After NOT falling on my ass this weekend at Urs Fischer's fabulous hole in the ground (see below), my mind wandered back to late November when there seemed to be much grumbling and wondering about "dangerous art". Happily, artnewsblog has cleared up any residual confusion:
Either people are on crack while visiting Doris's crack at the Tate Modern in London or they are just downright stupid. How could 15 people hurt themselves in the first four weeks of the "Shibboleth" installation by Colombian artist Doris Salcedo?
I mentioned a story a couple of weeks ago where the first few idiots fell into the Tate Crack, but that figure has been rising each week.
Times Online has reported that the Tate Modern may have to implement options that could include "higher levels of control of entry, barrier or demarcation lines, Perspex bridging over certain sections or other physical interventions which may become required."
The museum already has warning signs everywhere and leaflets about the work are handed out. So, unless you are blind, there is no excuse for falling into a crack that is clearly marked as a crack (unless you are trying to sue the museum!).
More on "dangerous art" via NYMag:
Can You Dig It?
At Gavin Brown, Urs Fischer takes a jackhammer to Chelsea itself.
By Jerry Saltz
Urs Fischer has reduced Gavin Brown's Enterprise to a hole in the ground, and it is one of the most splendid things to have happened in a New York gallery in a while. Experientially rich, buzzing with energy and entropy, crammed with chaos and contradiction, and topped off with the saga of subversion that is central both to the history of the empty-gallery-as-a-work-of-art but also to the Gavin Brown experience itself, this work is brimming with meaning and mojo. It was also a Herculean project.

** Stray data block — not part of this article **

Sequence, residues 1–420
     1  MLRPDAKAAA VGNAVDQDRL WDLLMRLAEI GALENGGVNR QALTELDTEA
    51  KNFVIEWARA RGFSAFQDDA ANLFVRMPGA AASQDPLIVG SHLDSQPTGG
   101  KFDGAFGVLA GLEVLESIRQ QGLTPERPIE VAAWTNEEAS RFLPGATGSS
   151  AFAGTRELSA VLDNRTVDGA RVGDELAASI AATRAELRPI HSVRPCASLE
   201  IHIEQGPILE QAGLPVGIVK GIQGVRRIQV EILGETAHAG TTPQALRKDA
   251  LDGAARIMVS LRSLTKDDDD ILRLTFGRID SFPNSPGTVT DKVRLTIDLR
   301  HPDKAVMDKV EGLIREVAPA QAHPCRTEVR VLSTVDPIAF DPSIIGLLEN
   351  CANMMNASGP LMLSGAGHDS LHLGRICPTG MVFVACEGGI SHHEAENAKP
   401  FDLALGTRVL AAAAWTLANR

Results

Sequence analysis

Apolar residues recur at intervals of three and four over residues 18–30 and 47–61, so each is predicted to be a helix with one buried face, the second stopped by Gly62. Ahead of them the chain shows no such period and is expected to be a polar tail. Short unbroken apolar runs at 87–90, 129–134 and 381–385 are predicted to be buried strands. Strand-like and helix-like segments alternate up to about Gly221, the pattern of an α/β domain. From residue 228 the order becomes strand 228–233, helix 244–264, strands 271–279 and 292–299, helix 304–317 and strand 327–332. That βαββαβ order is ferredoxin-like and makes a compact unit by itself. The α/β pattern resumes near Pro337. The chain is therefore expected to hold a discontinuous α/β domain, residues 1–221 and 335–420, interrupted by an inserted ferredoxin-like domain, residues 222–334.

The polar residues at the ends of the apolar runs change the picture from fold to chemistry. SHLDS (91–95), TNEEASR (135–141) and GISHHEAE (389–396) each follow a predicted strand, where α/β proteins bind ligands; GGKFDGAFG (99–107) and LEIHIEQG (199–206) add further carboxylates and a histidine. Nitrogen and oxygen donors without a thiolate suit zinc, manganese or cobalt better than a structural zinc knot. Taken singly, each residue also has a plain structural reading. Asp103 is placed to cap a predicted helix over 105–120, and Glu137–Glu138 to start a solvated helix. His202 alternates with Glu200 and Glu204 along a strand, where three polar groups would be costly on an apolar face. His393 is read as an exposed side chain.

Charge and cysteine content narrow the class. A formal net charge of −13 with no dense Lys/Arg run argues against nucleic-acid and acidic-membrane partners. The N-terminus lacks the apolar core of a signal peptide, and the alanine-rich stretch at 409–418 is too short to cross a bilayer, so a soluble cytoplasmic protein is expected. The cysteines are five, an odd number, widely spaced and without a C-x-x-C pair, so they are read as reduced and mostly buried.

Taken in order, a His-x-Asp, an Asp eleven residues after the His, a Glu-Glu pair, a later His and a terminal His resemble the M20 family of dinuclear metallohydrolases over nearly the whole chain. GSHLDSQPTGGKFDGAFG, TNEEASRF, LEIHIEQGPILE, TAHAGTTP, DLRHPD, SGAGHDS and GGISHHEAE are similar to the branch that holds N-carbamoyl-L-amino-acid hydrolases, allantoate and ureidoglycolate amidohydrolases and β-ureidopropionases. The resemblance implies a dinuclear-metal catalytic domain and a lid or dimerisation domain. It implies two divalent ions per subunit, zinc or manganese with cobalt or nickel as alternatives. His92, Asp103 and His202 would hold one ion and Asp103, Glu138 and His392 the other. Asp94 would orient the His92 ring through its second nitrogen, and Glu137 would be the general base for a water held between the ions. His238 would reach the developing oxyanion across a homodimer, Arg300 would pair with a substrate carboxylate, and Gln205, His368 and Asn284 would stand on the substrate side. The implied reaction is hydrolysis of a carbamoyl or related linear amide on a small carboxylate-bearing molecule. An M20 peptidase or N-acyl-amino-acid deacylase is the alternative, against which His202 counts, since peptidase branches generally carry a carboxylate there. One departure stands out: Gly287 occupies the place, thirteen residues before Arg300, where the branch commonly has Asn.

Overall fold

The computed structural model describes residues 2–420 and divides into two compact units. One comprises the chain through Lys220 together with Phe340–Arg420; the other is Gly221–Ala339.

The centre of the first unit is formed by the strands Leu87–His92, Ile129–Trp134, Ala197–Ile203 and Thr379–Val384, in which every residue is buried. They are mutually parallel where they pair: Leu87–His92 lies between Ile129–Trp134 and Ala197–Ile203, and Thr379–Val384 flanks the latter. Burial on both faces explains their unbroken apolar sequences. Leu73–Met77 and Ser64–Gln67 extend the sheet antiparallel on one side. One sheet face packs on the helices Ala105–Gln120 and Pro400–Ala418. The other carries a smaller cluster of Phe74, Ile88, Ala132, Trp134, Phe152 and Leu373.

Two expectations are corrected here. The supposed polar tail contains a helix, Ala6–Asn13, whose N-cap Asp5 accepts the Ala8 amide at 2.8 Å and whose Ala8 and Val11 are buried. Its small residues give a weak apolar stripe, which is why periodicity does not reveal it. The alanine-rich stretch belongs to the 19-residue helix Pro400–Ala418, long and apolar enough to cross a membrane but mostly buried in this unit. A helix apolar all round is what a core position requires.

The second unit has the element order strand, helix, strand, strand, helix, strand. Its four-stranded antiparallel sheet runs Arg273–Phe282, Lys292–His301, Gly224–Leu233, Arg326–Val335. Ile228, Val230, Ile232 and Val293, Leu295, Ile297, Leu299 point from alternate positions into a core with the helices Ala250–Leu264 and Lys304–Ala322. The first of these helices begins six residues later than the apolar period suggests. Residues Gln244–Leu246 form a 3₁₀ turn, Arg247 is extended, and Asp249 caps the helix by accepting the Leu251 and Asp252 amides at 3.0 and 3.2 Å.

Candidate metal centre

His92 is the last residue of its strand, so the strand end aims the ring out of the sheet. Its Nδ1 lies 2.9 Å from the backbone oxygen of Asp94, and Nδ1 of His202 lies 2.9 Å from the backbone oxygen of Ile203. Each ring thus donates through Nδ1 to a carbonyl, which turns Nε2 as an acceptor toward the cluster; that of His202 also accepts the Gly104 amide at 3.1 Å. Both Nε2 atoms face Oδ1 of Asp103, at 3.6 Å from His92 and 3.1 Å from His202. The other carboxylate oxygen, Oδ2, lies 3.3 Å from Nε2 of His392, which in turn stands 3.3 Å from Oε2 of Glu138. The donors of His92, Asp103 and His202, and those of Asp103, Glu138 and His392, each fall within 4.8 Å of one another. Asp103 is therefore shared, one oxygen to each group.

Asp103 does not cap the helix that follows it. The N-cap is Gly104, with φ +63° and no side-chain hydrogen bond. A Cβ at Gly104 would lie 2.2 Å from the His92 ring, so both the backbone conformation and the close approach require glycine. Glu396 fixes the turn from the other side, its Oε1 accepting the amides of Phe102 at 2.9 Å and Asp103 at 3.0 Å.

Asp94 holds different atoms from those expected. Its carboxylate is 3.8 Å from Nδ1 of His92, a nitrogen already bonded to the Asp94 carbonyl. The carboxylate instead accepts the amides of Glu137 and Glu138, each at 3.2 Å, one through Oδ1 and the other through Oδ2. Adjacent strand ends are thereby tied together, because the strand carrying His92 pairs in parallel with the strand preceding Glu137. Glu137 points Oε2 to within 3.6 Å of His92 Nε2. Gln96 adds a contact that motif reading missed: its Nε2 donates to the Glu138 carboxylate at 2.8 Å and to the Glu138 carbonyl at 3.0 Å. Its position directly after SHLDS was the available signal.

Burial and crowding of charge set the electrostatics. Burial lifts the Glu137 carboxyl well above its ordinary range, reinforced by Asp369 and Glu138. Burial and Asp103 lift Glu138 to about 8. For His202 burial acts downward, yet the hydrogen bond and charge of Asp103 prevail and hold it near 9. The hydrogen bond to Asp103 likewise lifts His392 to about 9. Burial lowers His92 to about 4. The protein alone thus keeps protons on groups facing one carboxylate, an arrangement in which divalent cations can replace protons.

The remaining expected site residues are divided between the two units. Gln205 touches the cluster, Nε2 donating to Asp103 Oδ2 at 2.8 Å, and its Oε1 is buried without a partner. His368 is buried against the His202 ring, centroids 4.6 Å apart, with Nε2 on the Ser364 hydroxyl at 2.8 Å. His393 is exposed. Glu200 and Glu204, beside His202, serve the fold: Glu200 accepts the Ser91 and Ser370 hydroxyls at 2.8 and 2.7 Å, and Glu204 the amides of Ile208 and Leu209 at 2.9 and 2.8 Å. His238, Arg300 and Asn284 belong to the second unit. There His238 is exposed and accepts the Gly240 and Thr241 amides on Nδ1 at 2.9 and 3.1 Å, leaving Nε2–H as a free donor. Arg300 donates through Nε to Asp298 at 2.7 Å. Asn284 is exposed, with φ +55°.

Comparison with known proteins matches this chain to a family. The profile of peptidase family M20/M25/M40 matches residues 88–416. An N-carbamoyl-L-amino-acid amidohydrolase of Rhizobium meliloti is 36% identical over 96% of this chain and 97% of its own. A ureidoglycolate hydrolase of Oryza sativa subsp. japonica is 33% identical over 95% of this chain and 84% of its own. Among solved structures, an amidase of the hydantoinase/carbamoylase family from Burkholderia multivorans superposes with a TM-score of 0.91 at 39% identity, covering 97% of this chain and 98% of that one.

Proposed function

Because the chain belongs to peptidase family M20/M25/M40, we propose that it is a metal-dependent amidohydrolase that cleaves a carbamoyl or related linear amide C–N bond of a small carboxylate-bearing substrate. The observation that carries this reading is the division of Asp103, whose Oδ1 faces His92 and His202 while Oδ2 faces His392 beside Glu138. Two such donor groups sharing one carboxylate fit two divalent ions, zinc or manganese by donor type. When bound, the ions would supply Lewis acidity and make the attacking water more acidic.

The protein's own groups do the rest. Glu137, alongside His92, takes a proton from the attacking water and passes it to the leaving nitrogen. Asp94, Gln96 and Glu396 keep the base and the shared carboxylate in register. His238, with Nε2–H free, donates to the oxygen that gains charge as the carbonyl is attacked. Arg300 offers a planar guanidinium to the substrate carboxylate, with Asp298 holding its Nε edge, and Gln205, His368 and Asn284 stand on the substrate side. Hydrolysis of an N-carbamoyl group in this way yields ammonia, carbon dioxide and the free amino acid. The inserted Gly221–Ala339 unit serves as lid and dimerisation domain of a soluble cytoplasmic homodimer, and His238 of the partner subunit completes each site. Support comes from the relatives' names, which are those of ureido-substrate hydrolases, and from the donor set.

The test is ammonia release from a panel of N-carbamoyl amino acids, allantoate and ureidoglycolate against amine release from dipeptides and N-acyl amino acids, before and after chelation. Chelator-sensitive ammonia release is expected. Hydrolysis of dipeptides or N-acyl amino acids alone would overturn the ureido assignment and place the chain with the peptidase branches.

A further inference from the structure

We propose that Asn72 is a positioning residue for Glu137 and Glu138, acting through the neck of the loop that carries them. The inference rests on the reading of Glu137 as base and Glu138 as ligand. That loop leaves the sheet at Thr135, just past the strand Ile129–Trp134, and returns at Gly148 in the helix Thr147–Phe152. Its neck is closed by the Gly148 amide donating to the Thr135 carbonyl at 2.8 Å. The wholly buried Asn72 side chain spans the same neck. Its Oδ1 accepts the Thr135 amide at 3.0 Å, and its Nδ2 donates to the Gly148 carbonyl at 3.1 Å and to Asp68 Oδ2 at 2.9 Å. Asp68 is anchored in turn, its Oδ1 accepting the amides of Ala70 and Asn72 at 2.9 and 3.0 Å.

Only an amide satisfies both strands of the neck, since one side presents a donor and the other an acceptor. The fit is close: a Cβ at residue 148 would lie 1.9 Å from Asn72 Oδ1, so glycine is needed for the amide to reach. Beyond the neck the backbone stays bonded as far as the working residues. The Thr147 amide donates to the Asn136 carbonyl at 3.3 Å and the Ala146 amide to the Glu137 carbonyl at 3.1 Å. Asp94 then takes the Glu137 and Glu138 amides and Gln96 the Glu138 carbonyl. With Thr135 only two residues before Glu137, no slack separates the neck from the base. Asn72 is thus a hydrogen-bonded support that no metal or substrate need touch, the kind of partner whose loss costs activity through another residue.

A 38-foot-by-30-foot crater, eight feet deep, extends almost to the walls of the gallery, surrounded by a fourteen-inch ledge of concrete floor. A sign at the door cautions, THE INSTALLATION IS PHYSICALLY DANGEROUS AND INHERENTLY INVOLVES THE RISK OF SERIOUS INJURY OR DEATH; intrepid viewers can, all the same, inch their way around the hole. Fischer's pit is titled You, and it took ten days to build, costing around $250,000 of Brown's money. (Heaven only knows what his landlord thought of it.) The gallery's ground-level garage doors facilitated the jackhammering and removal of the concrete floor and the use of a backhoe to excavate tons of dirt and debris, after which a crew closed off the space with immaculate white walls. There's also a cramped antechamber, superfluous but well executed: A smaller reproduction of the main gallery, down to the air ducts and electrical outlets, it’s sort of a mini-Me You. Ducking through its pint-size entrance is like going though a door in Alice's Adventures in Wonderland. You have to crouch as you enter and watch where you step in preparation for the more precarious and thrilling main event beyond.
Fischer's extraordinary gesture touches on the tradition of indoor earthworks that includes pieces from the sixties and seventies by Gordon Matta-Clark, Robert Smithson, Walter De Maria, Michael Heizer, Chris Burden, and others, while also bringing together many of his ongoing themes of transparency, transformation, disruption, and destruction. He's cut holes in gallery and museum walls and created sculptures that merge with one another. You simultaneously attacks and fetishizes the attributes of galleries, the qualities that the critic Brian O'Doherty has described as "something of the sacredness of churches, the austerity of courtrooms, the mysteriousness of research laboratories, something that, together with stylish designs, makes them unique cultic places of the aesthetic." You is like a nest, a bunker, or Caspar David Friedrich's The Wreck of Hope, his painting of a ship smashed to pieces in a sea of ice. It is a perfect metaphor for a revved-up art world as it is stripped down by the market.